Jihadi propaganda frequently utilizes important political events or violent struggles related to Islamic communities for mobilization of recruits and support. These images draw attention to events that have helped to shape the current jihadi movement, and they allow the propagandists to reinterpret these events through their own ideological and cultural frameworks. In this case, the image makes use of the 9/11 attacks. The overall message of the image is encapsulated in the main caption that ties the disparate elements together: “bidayat al-nihaya li-hubal al-‘asr” (“the beginning of the end for the Hubal [one of the pre-Islamic idols] of our era”). These words identify the attacks of 9/11 with destruction of the idols of pre-Islamic Arabia.

The black background of the image highlights its different elements: a picture of Usama bin Ladin flanked by two (mirror image) pictures of the burning Twin Towers. Bin Ladin’s picture indicates to the viewer the group’s organizational affiliation and lends it an aura of legitimacy. Superimposed on the left picture of the burning towers is a logo containing the word “al-Asfar” (“yellow”) with a hand grenade in place of the diacritical mark on the letter fa’ and an AK 47 rifle. This is almost certainly the “logo” of the image’s creator.

Atop the first two letters is a black banner bearing the text of the shahada (Islamic testimony of faith holding that there is no god but Allah and that Muhammad is his messenger). The black banner is a joint symbol of vengeance and revolt that traces its roots to prophetic times. The image of the black flag has been used as a symbol of religious revolt and engagement in battle (i.e., jihad). In the contemporary Islamist movement, the black flag with the shahada is used to evoke notions of jihad and of reestablishing the Islamic Caliphate.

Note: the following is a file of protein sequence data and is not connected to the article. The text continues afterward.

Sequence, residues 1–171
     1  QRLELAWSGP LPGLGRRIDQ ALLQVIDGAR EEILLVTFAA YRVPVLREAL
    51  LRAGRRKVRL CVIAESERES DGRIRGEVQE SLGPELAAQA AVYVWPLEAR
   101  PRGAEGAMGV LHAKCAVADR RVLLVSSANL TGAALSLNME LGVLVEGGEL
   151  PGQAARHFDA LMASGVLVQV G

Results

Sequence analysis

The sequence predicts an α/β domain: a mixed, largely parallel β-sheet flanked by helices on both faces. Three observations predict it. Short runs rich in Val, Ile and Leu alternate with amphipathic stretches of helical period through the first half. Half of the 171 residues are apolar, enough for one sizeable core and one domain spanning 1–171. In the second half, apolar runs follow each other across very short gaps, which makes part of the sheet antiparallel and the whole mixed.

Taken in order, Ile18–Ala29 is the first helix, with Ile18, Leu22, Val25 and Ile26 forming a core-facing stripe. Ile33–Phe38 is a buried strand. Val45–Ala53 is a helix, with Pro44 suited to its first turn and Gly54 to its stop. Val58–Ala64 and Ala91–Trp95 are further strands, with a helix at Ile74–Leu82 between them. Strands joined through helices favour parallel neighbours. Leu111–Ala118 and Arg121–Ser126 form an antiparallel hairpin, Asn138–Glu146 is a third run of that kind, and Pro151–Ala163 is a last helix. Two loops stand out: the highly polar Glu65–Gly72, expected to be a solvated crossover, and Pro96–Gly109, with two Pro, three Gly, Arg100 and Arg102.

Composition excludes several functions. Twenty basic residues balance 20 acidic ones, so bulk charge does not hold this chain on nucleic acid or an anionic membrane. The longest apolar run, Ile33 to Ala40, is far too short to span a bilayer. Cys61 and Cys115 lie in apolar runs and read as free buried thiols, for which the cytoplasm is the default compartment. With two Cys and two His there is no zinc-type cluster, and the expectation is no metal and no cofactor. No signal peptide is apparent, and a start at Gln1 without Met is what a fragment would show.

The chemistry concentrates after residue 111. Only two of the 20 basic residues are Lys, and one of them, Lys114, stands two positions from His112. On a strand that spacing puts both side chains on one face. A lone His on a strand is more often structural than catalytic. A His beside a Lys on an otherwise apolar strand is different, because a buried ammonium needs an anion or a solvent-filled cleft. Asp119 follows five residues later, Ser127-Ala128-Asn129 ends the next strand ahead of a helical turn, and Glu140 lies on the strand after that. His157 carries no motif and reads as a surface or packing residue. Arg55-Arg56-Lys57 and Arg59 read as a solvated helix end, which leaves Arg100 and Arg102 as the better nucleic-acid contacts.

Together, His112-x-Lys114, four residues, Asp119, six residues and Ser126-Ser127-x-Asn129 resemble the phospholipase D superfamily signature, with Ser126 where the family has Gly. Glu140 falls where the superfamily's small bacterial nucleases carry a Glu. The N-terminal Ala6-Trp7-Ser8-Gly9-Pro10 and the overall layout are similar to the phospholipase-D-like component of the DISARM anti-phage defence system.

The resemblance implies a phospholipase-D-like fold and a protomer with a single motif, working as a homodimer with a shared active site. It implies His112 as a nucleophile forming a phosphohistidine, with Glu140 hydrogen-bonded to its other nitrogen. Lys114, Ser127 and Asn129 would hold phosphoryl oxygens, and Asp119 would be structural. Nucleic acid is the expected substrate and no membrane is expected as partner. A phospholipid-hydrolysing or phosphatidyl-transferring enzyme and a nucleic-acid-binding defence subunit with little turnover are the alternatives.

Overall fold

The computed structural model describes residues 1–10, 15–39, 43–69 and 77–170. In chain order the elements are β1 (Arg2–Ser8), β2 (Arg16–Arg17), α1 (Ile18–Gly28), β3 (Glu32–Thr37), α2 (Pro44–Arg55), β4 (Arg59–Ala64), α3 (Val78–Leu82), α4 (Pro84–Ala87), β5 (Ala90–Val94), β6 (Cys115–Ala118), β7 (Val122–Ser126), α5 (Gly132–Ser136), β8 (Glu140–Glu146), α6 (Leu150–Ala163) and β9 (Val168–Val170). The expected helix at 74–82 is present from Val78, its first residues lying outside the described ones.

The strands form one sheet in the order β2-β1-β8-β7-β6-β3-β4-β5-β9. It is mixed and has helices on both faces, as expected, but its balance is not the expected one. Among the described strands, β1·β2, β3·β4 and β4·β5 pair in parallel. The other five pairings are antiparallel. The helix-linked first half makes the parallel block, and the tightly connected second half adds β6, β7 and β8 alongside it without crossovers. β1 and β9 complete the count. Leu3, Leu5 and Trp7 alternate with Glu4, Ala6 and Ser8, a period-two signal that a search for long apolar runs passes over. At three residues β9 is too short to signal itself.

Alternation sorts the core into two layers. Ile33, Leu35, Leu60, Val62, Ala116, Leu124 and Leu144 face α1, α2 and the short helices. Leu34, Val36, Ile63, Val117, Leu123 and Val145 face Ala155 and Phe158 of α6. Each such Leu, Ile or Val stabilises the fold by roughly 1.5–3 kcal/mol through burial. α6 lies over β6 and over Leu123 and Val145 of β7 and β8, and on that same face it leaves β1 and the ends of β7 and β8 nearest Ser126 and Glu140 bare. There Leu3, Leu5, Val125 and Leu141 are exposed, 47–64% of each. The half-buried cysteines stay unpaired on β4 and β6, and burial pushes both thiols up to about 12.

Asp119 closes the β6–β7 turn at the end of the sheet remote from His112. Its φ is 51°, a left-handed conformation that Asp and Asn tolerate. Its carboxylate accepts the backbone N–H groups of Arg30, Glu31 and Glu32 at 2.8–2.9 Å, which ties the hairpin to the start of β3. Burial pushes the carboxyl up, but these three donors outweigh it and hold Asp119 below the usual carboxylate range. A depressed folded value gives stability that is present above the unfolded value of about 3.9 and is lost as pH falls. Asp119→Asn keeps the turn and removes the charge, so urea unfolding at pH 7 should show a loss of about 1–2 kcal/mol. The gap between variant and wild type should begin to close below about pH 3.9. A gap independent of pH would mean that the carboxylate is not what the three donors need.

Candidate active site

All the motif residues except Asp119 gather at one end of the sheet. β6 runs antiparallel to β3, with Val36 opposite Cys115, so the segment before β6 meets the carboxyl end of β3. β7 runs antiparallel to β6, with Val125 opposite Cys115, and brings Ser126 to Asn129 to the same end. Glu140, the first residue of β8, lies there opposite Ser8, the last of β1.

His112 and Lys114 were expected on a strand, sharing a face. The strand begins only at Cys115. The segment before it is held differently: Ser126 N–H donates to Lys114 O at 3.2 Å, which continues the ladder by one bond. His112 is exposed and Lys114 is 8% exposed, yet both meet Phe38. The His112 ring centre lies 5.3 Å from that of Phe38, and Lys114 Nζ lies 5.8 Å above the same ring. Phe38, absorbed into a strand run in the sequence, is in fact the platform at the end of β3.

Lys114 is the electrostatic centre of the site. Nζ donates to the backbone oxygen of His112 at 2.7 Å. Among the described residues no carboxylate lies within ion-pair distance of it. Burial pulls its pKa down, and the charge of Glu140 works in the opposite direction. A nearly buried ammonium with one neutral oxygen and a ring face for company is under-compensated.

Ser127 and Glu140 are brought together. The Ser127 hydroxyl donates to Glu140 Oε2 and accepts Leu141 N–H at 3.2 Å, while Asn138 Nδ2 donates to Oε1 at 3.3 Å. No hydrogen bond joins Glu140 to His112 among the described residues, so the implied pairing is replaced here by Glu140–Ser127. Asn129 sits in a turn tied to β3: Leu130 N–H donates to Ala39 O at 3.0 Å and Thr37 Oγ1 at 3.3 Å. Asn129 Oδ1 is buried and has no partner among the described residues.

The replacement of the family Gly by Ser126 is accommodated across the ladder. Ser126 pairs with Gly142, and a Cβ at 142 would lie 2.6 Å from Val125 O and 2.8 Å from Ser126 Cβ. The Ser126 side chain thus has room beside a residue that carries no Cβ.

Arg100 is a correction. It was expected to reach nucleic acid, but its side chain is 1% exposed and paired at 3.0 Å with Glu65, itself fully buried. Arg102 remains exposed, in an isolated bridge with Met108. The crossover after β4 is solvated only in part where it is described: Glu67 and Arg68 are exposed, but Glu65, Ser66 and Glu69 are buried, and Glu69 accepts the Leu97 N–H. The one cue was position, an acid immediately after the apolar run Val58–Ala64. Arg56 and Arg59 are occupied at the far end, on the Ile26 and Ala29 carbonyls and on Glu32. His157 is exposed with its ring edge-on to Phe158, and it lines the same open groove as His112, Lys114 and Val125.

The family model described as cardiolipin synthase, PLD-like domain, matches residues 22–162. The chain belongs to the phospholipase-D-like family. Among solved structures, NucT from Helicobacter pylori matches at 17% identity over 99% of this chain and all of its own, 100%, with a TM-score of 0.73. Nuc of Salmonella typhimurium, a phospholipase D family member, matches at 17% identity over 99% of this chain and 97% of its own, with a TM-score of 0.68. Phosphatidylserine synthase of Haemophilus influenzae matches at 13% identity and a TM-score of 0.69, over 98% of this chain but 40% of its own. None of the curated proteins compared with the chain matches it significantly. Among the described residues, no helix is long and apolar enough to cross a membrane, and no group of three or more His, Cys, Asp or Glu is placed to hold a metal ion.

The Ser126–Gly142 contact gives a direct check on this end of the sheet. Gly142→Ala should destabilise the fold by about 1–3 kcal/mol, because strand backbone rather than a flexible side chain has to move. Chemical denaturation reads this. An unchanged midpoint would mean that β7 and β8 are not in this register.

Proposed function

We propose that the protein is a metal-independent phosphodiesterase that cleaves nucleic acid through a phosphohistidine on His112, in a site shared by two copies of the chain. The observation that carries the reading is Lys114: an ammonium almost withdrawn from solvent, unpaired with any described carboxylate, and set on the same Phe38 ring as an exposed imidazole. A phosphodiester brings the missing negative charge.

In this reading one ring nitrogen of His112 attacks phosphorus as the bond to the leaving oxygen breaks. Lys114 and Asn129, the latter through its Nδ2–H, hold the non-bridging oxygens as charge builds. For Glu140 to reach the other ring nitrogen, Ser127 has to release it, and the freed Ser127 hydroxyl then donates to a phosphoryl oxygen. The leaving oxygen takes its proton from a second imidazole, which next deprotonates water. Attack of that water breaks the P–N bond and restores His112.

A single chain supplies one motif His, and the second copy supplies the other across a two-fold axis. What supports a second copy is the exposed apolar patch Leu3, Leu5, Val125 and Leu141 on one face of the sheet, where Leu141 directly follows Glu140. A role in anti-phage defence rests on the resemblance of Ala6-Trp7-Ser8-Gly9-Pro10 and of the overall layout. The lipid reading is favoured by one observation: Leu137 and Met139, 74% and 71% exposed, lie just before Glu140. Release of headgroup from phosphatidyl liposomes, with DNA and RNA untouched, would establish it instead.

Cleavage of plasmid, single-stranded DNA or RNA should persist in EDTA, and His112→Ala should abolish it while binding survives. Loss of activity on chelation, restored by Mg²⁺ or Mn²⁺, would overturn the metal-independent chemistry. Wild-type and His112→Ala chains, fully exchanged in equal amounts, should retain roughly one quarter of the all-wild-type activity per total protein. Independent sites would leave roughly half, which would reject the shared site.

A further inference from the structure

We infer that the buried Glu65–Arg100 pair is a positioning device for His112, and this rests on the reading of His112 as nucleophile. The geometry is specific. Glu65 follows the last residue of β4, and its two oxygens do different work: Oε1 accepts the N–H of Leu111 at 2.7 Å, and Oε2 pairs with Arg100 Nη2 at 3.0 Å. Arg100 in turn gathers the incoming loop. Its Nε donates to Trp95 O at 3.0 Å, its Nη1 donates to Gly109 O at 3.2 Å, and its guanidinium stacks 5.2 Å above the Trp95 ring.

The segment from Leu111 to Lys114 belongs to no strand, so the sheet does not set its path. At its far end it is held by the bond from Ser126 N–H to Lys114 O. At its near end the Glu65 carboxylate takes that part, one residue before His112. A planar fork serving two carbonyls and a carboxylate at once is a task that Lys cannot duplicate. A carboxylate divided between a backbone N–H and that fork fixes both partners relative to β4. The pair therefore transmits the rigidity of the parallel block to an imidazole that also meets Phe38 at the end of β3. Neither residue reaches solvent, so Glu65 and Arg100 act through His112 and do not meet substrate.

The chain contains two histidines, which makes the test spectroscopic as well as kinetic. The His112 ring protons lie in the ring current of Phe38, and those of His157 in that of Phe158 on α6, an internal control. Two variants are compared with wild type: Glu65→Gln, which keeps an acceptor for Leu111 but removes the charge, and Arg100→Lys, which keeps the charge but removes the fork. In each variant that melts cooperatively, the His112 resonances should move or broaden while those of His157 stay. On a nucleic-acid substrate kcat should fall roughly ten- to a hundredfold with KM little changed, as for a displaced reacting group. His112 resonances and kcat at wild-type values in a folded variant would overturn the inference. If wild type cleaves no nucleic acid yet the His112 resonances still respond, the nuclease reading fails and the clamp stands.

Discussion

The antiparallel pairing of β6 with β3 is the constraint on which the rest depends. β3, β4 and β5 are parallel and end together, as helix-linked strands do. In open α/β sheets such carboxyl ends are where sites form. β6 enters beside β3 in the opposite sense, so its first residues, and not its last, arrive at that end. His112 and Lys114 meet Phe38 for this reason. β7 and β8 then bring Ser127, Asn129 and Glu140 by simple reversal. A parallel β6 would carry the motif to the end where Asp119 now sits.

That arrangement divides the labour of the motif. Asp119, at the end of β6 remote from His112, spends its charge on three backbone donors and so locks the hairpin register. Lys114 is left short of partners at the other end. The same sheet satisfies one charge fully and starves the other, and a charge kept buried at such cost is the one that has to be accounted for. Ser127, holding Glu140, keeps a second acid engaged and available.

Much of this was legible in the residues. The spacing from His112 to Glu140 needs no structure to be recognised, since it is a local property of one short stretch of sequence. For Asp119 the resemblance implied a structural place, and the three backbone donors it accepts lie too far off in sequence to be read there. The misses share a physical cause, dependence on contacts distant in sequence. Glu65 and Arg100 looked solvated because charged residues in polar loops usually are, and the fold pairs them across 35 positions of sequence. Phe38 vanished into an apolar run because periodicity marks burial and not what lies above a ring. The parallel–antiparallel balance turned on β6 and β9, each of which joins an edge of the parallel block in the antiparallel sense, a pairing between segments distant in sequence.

Finally, the idea of “the beginning of the end” in the caption is also expressed in the shattered view with blood red frame of the mirrored pictures. The yellow and red of the flames invoke the pain of separation and a longing to be united with God, that is, the longing for death and achievement of martyrdom. The fiery red resonates blood, passion, impulse and danger.

More Information
Group Name Dawlat al-`Iraq al-Islamiyya [Islamic State of Iraq] - AQI
Group Type Jihadist Group
Dominant Colors Black, Yellow
Secondary Colors Red
Language Arabic
Isolated Phrases / Mottoes / Slogans Bidayat al-nihaya li-hayl al-`asr
Image Number 0323
Groups Region of Operation Middle East
Groups Country of Operation Iraq
Body Parts Pointer Finger, Face / Bust
Fire Flames, Light Rays / Light, Burning Object, Smoke
FIre Analysis Twin Towers and U.S. Flag
Geopolitical Symbols Country Flag, Symbol of party, movement or company, Slogan
Geopolitical Analysis U.S. flag. Al-Asfar logo - yellow word al-asfar with a grenade for diacritical mark of the letter "fa' " and an AK under the word, a black flag with the shahada including the Prophet's seal on top of the "al-"
People Group Leader / Influential figure, Operational Leader, Man / Men
People Analysis Usama b. Ladin (AQC).
Religious Textual References Analysis La ila illa Allah, Muhammad rasul Allah (partially obscured behind the figure of Usama b. Ladin).

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